Recently dropping to the bantamweight division, Faber's hopes for another championship were thwarted by the current UFC bantamweight title holder, Dominick Cruz.
Battling Cruz to a five-round decision loss, Faber does not possess the necessary tools to reclaim a title belt by defeating Cruz.
With the rise of fellow Team Alpha Male fighter Chad Mendes and other top-notch competitors including Demetrious Johnson through the ranks, the likelihood of "The California Kid" once again wearing championship gold is very slim.
Brock Lesnar sat atop the UFC heavyweight division for almost two years. Dominating the opposition with his unrivaled strength and power, this freak of nature steam-rolled through his competition.
A one-dimensional fighter, Lesnar's lack of a balanced skill-set was exploited by the current UFC heavyweight champion Cain Velasquez.
Picking apart the behemoth of a man with pin-point strikes and devastating leg kicks, Velasquez secured the title in just 4:12 of Round 1.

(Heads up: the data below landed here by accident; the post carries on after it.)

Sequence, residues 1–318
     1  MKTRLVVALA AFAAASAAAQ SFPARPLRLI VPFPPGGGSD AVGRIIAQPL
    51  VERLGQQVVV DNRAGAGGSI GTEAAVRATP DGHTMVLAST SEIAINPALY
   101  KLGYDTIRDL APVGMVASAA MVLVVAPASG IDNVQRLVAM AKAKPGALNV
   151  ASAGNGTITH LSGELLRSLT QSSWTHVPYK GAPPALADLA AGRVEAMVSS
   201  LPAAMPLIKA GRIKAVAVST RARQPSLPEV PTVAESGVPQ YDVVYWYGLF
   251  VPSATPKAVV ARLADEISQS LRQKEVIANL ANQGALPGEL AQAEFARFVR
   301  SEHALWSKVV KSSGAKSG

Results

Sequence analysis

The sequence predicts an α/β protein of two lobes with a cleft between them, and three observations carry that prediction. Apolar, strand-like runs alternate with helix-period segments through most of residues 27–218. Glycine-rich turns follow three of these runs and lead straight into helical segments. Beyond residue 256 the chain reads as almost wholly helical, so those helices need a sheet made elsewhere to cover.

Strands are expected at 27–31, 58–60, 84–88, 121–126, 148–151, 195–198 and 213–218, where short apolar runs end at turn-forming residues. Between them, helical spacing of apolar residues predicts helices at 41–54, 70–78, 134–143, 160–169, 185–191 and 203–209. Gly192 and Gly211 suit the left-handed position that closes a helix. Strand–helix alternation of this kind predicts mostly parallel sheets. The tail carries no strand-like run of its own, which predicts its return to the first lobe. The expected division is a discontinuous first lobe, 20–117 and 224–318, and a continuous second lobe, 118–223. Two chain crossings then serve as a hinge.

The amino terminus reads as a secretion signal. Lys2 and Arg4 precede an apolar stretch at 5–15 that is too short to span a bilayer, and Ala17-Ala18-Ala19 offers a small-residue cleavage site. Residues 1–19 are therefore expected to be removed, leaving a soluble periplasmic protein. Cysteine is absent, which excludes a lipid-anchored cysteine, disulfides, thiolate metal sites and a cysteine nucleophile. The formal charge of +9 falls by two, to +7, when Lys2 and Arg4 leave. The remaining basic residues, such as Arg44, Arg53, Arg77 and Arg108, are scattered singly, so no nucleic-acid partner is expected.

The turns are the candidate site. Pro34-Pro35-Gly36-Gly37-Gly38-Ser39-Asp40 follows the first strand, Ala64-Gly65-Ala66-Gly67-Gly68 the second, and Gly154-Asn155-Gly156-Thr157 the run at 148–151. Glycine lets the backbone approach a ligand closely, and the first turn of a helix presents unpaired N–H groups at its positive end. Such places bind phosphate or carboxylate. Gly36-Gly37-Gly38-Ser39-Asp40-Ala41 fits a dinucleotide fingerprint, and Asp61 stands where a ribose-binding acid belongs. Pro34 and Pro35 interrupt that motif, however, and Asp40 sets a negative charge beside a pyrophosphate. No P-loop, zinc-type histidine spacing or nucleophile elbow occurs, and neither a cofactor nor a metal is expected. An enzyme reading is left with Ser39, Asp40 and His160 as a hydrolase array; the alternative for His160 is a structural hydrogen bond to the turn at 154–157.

Fast forward a year and Lesnar is now suffering from his second bout of diverticulitis. This debilitating intestinal disease ravages the host's body sapping their strength, body weight and overall physical attributes.
Diverticulitis has rendered Lesnar a fraction of the man he once was. Reliant on his body size, physical strength and power; without those dominant aspects Lesnar has lost his strengths inside the Octagon.
Not a talented striker with a minimal ground game, Lesnar's hopes to reclaim a title hanged in the balance of his genetic capabilities.
Because of the disease, Lesnar can not train to the level he needs to so as to enhance his overall fighting abilities.
Proficient striking takes years to accomplish and many grueling hours inside the gym. Without the ability to train, this former champion will never enhance his skill set.
The advent of young heavyweights including Junior dos Santos, Pat Berry, Matt Mitrione and Travis Browne will continue to excel in their fighting abilities as Lesnar continues to recover from this disease.
It will be impossible for this former champion to accelerate the learning curve and defeat any of these rising stars to once again challenge for the title.